North Hope Sled Dog Center

Sled Dogs Helping Children

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North Hope Sled Dog Center – evolved from the North Hope Sled Dog Kennel which was initially founded on the basis of the childrens orphanage at St.Nicholas parish of the Russian Orthodox Church. The orphange was co-founded in 2004 by Father Superior Bartholomeo and a nun and local Sunday school teacher Mother Paraskeva. The primary mission of the orphange was social and psychological rehabilitation of orphan children.

From the very beginning, the 6-year experience of helping the orphan boys via an extended program of working with sled dogs delivered wonderful results. The boys took care of the dogs, raised puppies, trained dog teams, participated in dog shows and sled dog events. Parallel with that they learned to love and be loved, to exist and work as a team whilst understanding the meaning of true friendship. They learned about responsibility, gained self-esteeme and commitment. Further more they attended regular church services, worked as altar boys, went to Sunday school, traveled on pilgrim trips and were brought up in an orthodox environment.

After all the boys had successfully graduated and the results had been thoroughly analyzed an idea of further applying the positive experience of helping children by way of communication with sled dogs and wild life and continue helping children in need professionally came up. Thus in 2010 the North Hope Sled Dog Center was founded and the Sled Dogs Helping Children project was started.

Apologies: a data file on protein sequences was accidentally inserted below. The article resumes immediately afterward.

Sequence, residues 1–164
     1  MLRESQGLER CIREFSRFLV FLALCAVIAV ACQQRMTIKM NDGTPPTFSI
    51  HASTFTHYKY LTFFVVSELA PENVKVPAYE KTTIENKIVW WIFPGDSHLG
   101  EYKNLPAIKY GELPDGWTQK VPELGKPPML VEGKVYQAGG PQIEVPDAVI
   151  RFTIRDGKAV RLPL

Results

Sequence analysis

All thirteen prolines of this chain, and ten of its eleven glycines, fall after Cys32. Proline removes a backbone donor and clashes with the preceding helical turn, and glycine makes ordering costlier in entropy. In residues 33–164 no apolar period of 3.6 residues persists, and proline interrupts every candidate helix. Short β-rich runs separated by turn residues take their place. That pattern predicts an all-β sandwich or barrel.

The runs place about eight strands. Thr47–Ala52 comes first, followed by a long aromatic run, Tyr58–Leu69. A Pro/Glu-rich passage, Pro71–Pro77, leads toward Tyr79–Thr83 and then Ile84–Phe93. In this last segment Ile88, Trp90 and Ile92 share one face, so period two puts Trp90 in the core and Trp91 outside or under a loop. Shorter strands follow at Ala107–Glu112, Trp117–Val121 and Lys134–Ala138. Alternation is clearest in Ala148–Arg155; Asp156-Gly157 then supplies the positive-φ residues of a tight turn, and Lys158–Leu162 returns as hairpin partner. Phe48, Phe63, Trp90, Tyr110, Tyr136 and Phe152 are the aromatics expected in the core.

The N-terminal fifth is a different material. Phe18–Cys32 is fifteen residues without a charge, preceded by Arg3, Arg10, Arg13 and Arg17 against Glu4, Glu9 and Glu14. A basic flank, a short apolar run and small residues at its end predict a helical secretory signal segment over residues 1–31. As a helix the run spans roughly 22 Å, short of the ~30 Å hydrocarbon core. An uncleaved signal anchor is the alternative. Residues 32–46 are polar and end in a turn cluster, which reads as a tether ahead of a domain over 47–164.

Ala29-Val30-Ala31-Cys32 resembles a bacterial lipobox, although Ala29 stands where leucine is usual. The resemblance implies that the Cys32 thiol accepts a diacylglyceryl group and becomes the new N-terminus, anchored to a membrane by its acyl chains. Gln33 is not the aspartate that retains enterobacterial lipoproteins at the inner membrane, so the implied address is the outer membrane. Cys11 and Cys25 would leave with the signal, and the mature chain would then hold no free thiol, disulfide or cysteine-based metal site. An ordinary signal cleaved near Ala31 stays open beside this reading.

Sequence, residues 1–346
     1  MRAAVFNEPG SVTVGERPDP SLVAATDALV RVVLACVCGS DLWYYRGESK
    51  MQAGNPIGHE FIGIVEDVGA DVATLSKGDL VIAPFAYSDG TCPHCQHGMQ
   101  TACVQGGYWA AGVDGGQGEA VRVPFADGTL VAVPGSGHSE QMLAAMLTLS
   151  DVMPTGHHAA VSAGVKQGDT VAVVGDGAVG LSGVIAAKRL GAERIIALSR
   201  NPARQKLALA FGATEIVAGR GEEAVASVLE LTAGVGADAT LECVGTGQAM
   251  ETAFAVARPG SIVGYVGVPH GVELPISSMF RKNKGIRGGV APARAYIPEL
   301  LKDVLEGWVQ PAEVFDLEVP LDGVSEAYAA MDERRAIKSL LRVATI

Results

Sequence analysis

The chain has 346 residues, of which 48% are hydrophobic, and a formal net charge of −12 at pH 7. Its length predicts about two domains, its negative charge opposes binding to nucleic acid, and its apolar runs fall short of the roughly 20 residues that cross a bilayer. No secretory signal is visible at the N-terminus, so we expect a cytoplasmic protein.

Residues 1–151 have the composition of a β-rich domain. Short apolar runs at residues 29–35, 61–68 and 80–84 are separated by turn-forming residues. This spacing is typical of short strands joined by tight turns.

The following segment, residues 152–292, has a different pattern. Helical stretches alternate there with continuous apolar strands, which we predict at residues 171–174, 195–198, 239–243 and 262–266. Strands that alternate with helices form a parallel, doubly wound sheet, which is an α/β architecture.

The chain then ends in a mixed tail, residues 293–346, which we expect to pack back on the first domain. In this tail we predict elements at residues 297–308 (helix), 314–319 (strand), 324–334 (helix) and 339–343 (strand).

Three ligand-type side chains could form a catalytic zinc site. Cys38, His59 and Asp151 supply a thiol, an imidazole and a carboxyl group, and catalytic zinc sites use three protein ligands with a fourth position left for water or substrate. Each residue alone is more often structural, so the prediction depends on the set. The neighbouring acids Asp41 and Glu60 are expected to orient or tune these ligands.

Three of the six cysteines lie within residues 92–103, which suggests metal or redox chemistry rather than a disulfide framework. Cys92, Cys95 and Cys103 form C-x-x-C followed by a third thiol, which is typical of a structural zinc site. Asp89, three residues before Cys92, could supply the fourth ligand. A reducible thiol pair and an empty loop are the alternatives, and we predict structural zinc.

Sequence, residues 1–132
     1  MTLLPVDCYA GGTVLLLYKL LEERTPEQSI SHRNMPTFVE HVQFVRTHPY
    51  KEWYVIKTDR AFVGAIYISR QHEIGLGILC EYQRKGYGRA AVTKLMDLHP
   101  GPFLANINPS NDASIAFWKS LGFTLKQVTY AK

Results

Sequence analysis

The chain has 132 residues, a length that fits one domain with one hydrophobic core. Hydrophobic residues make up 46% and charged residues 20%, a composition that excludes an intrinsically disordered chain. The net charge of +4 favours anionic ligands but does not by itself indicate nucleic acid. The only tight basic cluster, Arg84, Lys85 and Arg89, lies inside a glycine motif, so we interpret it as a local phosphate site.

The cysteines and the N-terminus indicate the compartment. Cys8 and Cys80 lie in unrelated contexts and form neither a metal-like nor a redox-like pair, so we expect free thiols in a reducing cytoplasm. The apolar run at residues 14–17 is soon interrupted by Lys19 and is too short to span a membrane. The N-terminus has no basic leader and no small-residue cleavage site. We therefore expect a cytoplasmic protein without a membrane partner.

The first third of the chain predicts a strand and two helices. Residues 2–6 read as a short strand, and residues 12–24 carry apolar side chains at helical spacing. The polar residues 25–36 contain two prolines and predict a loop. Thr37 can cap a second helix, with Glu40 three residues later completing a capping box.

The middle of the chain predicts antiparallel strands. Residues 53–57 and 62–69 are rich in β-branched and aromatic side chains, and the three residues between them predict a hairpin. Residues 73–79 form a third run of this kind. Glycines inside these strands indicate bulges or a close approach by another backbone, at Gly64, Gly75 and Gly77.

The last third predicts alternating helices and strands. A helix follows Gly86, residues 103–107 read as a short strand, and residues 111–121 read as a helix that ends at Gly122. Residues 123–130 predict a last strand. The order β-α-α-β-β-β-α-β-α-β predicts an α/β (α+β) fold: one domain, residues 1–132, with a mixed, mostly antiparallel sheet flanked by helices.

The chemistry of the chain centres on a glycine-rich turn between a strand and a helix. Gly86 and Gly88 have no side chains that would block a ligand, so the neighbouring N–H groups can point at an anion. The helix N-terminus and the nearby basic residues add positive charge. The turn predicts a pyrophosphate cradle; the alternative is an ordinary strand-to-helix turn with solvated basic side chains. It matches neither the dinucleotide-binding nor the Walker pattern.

Parallel with that the center helped to create jobs for those of our graduates who would like to come back and work here professionally. Thus, three of our boys work here as kennel managers and guides permanently now, another one is a professional dog-trainer and is in charge of teaching obedience to our dogs to make working with people safe and effective, two other boys are studying in the university to become a psychologist and a vet and come to the center to help with certain programs and monitor the dogs of the kennel. So, the initial idea of the orphanage has developed and grown into a more complex concept.

Northern sled dogs have always been known not only for their outstanding athletic abilities but also for their good nature, love and loyalty to human beings, especially kids. All the activities of the center are based on the contact of a human with a northern sled dog against the background of the beautiful God’s world. Main programs offered are children-oriented and children are the heart of the center’s work and the reason of its existence.

North Hope Sled Dog Center is situated in a picturesque and ecologically clean forest region in the north-east of Kostroma region, Russia. It is located on the highest point of the Neya area, surrounded by softwood forests and taiga rivers with beaver dams, amazing peat lakes and cranberry bogs. Our region is unique in the extent of virginity of its nature, wealthiness of flora and fauna and the way its primeval natural landscape has been preserved and this creates infinite possibilities for healthy leisure activities, psychological release, rehabilitation, therapeutic and developing programs. Sleeping on the mattresses filled with hay smelling of flower meadows and fields, picking berries and mushrooms, swimming in the clear water of the peat lakes and rivers, walking barefoot in the dew-wet grass, drinking fresh milk from our farm, eating brown bread and golden honey from our apiary and of course, communication with wonderful sled dogs – all this helps children and their parents feel harmony with nature, and self-improve through love and care for the God’s earth.

An Indian proverb says: “We don’t inherit the earth of our ancestors – we take it away from our children”. Thus the main objective of the work of the North Hope Sled Dog Center is to show the beauty of nature to our children and teach to care for it, strengthen the lost connection with it and show myriads of wonders that can be worked together.

The patron saint of our center is a spiritual enlighter of the North St. Innokentiy of Irkutsk.